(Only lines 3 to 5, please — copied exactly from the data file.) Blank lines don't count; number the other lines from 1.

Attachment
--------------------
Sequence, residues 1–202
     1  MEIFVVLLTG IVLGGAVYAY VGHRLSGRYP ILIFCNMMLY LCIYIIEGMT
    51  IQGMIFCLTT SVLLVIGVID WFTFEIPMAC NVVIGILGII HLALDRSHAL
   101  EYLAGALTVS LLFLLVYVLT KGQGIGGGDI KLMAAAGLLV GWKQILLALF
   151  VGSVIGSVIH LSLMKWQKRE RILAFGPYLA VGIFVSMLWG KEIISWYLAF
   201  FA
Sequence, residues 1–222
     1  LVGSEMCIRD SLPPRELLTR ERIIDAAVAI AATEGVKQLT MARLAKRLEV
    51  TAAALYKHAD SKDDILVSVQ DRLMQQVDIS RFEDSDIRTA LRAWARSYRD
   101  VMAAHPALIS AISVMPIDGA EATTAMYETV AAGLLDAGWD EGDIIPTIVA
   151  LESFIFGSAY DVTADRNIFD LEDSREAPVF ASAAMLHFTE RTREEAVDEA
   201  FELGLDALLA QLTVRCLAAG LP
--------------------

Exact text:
    51  IQGMIFCLTT SVLLVIGVID WFTFEIPMAC NVVIGILGII HLALDRSHAL
   101  EYLAGALTVS LLFLLVYVLT KGQGIGGGDI KLMAAAGLLV GWKQILLALF
   151  VGSVIGSVIH LSLMKWQKRE RILAFGPYLA VGIFVSMLWG KEIISWYLAF